Aes Sedai has a similar belief, during the Age of Legends (the Second Age) there were both male and women Aes Sedai, however, male channelers usually became mad (particularly in what is known as the Breaking of the World).
Because of this, during the Third Age, no man is able to join the Aes Sedai, and the Red Ajah is in charge of gentling men. No, this is not what it seems to be. Gentling is another term for severing when used on men, a technique with which the Aes Sedai are able to prevent these channeler men to resort to the powers of the One Power.
The way their magic works is different
Weaving is not only hard but dangerous. Some of the gestures required to channel the One Power in the most advanced and powerful ways are extremely complicated, this is why Aes Sedai are usually conservative, not being much into innovation due to its many risks.
While casting spells is not so complex for Confessors, the main problem for them resides in restraining their power. They must learn to hold their powers from a very young age because unleashing it could result in fatal consequences.
Their dressing code
Confessors are quite straightforward in their dress code, you must wear a black dress with a square neckline. Period. Unless you happen to be the Mother Confessor, who wears white instead.
Aes Sedai have a different taste, and they prefer colors. Each of the seven Ajahs is represented by a different color (blue, yellow, gray, brown, white, green, or red). While not mandatory, the sisters from each division usually wear clothes in the color of their Ajah. This is why Moraine, of the Blue Ajah, is often depicted with blue clothes.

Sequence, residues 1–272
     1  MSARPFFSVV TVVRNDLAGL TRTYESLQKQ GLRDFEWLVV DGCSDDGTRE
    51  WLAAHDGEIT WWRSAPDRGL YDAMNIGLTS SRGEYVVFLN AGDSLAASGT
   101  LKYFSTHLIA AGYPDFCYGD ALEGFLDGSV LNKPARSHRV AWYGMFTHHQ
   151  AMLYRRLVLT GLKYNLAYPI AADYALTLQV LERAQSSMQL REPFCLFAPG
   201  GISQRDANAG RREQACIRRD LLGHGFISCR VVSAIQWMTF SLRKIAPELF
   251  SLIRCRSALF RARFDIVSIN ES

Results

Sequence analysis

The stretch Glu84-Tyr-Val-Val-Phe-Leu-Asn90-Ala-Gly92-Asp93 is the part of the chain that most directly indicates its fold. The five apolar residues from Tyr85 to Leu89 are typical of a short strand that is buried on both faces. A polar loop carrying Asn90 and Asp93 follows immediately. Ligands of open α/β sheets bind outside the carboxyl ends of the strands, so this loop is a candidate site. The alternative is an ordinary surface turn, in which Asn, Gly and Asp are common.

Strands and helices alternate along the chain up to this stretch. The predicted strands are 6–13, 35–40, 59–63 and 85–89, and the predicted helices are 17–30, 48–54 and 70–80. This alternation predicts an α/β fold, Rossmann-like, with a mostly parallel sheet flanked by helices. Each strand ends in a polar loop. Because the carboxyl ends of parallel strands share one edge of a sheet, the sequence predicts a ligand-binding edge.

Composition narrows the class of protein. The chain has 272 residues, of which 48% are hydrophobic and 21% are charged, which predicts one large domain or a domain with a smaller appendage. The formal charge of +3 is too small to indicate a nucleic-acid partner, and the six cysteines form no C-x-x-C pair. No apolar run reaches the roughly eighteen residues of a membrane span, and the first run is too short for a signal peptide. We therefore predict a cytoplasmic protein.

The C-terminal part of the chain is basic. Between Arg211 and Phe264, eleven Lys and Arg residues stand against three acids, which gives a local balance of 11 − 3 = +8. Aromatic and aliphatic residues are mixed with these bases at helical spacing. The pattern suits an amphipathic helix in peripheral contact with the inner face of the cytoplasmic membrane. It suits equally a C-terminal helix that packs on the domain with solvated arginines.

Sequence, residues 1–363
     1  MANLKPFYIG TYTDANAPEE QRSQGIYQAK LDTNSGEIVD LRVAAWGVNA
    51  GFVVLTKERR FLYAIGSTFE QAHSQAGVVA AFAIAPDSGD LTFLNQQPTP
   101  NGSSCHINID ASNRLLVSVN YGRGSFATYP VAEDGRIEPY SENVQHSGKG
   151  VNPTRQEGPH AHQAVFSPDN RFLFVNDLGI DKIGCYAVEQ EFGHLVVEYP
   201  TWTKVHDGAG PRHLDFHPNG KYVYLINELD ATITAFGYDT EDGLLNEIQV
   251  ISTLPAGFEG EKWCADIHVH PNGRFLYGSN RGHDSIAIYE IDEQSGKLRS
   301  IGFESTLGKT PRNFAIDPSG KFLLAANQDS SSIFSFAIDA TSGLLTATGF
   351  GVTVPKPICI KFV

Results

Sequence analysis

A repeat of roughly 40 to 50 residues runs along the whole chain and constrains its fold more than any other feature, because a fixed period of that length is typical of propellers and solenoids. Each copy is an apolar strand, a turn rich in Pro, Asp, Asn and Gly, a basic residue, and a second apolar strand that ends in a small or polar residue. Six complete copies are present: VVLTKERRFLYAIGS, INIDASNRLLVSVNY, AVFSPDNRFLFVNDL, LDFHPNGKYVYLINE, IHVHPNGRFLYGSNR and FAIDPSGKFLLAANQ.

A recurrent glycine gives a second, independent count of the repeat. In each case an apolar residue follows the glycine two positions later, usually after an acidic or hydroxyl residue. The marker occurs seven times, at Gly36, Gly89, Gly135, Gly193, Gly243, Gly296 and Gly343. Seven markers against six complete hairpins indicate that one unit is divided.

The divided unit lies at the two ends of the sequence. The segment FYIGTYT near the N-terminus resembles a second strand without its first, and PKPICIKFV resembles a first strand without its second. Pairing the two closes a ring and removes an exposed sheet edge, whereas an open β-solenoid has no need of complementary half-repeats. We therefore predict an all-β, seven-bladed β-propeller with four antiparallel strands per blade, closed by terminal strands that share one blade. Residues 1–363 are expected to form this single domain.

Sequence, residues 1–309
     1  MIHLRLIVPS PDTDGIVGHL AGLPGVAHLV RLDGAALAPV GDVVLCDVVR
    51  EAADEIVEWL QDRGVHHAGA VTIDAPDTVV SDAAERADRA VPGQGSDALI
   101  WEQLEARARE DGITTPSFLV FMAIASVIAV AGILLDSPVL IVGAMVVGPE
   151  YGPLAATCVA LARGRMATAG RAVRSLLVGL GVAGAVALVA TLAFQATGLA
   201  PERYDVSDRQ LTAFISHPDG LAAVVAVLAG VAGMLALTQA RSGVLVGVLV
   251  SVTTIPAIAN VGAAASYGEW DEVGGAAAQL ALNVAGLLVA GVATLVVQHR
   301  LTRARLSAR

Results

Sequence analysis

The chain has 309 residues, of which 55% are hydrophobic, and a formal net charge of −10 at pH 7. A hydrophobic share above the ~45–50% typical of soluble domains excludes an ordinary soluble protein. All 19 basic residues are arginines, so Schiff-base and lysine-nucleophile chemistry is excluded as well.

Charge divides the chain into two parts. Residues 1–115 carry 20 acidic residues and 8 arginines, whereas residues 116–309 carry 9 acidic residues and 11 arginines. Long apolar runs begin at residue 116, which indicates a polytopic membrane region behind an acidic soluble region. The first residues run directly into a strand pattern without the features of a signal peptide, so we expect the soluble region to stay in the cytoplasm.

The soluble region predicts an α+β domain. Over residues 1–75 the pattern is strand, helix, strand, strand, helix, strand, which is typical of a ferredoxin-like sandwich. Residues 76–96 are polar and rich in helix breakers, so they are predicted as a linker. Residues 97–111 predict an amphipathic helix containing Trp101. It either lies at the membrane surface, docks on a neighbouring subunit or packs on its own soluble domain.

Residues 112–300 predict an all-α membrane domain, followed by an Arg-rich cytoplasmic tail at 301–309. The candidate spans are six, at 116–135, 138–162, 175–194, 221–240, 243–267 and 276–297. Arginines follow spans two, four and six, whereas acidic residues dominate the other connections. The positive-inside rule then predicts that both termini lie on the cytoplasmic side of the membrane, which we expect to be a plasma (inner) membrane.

The drawbacks of their magic
One of the differences between the Confessors and the Aes Sedai is the drawbacks of their magical system. Confessors must pay a price for using their magic, once they have called upon their magical abilities they feel extremely weak, so they need some time to get recovered.
When it comes to weaving, it seems that using weaving spells has no consequence to the Aes Sedai’s stamina.
Are the differences between the Aes Sedai and the Confessors enough for you?
You can tell that there are many similar things between both organizations. But, being far, they are not exactly the same. Terry Goodkind’s work (by the way don’t miss this post with The Sword of Truth books in order) and Jordan’s have many similarities: a reluctant hero, nameless evil gods… but, aren’t these present in most of the fantasy books?
Let’s not forget what Terry Goodkind had to say when he was asked about the similarities between his work and Robert Jordan’s in this USA Today interview:
Haddonfield, NJ: Second Question – I’ve noticed similarities between your Sword of Truth series and Robert Jordan’s Wheel of Time series…(Black Sisterhood vs. Black Ajah; The Order vs. The Seanchan; Richard vs. Rand both discovering their powers, both have Nameless evil Gods…etc.) I’ve often voiced my suspicion that these two series might be occurring on the same world…how crazy am I?
Terry Goodkind: If you notice a similarity, then you probably aren’t old enough to read my books.
Quite a peculiar answer to say the least, don’t you think?
So, do you think that these two organizations are too much alike? do you know any other similarities or differences between the Aes Sedai and the Confessors? we are willing to know! so leave a comment and tell us!